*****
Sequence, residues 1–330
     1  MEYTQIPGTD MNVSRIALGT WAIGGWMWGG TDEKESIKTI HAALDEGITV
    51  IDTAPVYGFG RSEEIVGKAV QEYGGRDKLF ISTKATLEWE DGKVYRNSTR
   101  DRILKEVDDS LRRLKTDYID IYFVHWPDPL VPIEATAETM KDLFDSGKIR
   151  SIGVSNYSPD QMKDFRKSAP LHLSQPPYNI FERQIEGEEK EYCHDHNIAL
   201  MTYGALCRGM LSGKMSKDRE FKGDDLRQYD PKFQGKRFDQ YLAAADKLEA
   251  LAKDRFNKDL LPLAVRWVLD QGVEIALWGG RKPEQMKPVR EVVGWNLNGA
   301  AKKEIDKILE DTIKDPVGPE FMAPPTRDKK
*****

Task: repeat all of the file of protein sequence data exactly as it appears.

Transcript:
Sequence, residues 1–330
     1  MEYTQIPGTD MNVSRIALGT WAIGGWMWGG TDEKESIKTI HAALDEGITV
    51  IDTAPVYGFG RSEEIVGKAV QEYGGRDKLF ISTKATLEWE DGKVYRNSTR
   101  DRILKEVDDS LRRLKTDYID IYFVHWPDPL VPIEATAETM KDLFDSGKIR
   151  SIGVSNYSPD QMKDFRKSAP LHLSQPPYNI FERQIEGEEK EYCHDHNIAL
   201  MTYGALCRGM LSGKMSKDRE FKGDDLRQYD PKFQGKRFDQ YLAAADKLEA
   251  LAKDRFNKDL LPLAVRWVLD QGVEIALWGG RKPEQMKPVR EVVGWNLNGA
   301  AKKEIDKILE DTIKDPVGPE FMAPPTRDKK